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Royal warrant creating a Regius Chair in Mathematics at the University of Warwick.

Regius professorships are a unique feature of academia in the British Isles. The first Regius professorship was in the field of medicine, and founded by the Scottish King James IV at Aberdeen University in 1497. Regius chairs have since been instituted in various universities, in disciplines judged to be fundamental and for which there is a continuing and significant need. Each was established by a British monarch, and — except in Ireland since 1923 — the current monarch still officially appoints the professor (following proper advertisement and interview, through the offices of the university and the national government). This royal imprimatur, and the relative rarity of these professorships, means a Regius chair is prestigious and highly sought-after.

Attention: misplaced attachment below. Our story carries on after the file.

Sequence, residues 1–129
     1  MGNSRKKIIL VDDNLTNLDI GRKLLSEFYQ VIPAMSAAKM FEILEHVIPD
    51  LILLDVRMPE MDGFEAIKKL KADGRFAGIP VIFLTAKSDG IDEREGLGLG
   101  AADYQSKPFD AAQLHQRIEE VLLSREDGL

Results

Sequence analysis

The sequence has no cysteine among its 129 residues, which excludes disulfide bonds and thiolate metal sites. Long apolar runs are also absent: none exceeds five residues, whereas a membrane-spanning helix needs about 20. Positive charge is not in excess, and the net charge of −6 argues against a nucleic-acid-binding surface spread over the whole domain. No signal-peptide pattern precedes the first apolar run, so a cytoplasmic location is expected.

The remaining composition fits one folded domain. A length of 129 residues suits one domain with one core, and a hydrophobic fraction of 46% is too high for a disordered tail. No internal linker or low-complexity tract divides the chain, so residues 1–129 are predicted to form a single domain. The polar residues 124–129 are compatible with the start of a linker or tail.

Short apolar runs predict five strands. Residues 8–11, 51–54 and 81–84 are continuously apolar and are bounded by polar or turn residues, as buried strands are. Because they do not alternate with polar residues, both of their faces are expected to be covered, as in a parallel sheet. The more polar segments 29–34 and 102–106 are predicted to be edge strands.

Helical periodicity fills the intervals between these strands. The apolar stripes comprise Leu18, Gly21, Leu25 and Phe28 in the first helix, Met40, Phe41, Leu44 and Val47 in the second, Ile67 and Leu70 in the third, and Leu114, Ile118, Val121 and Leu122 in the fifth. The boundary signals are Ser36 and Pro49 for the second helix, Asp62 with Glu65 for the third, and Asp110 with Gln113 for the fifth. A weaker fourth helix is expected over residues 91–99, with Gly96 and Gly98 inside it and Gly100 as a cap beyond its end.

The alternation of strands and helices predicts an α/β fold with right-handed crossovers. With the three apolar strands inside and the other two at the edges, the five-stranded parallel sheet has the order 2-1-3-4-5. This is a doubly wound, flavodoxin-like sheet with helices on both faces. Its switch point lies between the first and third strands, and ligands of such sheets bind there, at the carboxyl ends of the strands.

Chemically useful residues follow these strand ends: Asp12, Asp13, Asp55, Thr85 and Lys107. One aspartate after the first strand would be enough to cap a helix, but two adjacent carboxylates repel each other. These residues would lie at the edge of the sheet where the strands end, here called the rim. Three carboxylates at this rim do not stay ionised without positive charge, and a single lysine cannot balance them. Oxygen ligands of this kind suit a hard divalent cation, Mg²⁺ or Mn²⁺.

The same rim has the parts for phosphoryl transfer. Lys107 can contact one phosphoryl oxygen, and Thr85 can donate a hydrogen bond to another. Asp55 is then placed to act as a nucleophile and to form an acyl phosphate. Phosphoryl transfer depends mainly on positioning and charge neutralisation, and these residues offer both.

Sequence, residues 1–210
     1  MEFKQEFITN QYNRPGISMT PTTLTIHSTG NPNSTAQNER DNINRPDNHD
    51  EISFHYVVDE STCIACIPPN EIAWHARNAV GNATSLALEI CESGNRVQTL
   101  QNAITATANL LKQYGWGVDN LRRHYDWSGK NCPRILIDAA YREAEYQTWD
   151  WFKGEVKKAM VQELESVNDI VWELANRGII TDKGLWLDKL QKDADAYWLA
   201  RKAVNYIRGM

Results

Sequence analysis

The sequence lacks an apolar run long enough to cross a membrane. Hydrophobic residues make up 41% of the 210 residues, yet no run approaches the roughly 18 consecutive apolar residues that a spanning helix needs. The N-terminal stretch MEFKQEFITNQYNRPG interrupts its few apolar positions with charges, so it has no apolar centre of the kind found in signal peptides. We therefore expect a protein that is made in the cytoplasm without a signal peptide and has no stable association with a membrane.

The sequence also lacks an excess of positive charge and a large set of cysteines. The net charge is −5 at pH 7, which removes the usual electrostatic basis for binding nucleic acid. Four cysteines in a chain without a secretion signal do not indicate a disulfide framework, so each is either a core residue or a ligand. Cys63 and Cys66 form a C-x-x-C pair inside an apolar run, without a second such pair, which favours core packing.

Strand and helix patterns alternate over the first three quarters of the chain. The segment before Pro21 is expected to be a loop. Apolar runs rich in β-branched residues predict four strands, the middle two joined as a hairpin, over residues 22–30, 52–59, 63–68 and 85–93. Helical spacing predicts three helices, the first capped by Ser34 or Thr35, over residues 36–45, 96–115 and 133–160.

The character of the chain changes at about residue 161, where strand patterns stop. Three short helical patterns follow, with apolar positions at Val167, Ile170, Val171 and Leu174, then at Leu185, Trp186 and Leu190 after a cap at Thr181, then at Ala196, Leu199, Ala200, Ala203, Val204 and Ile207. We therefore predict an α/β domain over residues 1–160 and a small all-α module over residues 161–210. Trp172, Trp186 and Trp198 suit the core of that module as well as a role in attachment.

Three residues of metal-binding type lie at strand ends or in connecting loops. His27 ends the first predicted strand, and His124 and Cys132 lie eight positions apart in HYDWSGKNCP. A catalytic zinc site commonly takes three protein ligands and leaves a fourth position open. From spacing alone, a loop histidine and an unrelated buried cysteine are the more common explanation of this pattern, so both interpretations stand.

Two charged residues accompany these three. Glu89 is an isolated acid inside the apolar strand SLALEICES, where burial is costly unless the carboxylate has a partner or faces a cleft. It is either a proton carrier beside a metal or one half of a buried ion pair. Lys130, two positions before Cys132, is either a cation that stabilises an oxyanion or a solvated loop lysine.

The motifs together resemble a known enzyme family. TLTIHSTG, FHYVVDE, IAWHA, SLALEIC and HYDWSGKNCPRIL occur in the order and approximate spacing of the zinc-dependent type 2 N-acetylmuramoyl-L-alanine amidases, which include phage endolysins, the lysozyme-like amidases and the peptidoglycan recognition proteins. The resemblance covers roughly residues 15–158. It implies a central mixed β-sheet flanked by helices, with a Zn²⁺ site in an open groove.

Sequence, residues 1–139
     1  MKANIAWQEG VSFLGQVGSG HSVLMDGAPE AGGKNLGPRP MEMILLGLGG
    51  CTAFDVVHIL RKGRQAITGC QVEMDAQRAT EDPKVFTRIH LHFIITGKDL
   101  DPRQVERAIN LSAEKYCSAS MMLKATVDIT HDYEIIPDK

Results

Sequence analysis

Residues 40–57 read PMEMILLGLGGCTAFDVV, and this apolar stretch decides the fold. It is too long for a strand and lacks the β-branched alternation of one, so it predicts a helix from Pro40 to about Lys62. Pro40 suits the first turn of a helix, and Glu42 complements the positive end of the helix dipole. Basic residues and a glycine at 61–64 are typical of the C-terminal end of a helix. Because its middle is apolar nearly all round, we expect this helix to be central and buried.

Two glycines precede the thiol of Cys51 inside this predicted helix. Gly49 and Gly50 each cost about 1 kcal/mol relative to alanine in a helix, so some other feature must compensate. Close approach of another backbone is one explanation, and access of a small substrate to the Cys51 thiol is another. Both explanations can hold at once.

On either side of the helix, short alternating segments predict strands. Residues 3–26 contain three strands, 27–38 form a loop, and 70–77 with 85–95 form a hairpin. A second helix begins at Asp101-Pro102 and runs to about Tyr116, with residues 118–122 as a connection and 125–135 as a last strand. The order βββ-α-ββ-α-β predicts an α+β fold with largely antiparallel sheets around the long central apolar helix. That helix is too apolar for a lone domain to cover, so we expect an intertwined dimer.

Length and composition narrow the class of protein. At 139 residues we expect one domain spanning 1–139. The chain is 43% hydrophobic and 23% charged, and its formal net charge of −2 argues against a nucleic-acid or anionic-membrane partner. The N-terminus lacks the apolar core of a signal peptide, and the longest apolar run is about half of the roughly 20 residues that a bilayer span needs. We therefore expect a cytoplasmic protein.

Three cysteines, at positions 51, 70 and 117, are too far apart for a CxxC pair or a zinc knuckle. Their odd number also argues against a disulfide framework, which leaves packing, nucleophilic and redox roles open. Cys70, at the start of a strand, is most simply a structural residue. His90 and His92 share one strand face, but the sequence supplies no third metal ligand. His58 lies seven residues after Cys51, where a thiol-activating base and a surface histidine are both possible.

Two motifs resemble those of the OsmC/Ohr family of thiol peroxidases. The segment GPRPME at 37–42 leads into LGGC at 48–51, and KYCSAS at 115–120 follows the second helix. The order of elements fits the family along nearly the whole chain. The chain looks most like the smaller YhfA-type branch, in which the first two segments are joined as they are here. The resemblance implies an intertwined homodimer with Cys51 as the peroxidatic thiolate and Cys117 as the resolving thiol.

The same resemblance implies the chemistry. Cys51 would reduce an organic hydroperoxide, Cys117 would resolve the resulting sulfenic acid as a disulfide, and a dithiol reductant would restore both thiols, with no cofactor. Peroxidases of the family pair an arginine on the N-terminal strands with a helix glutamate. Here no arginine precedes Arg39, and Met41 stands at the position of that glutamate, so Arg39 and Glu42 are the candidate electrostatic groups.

Regius professors are traditionally addressed as "Regius" and not "Professor".<ref>{{#invoke:citation/CS1|citation |CitationClass=web }}</ref> Glasgow University currently has the highest number of extant Regius chairs, at thirteen.<ref>{{#invoke:citation/CS1|citation |CitationClass=web }}</ref>


Regius Professor sections
Intro  New Regius chairs  University of Aberdeen  University of Cambridge  University of Dublin  University of Dundee  University of Edinburgh  University of Essex  University of Glasgow  Imperial College of Science, Technology and Medicine  King's College, University of London  London School of Economics and Political Science  University of Manchester  Open University  University of Oxford  University of Reading  Royal Holloway, University of London  University of St Andrews  University of Southampton  University of Surrey  University of Warwick  References  

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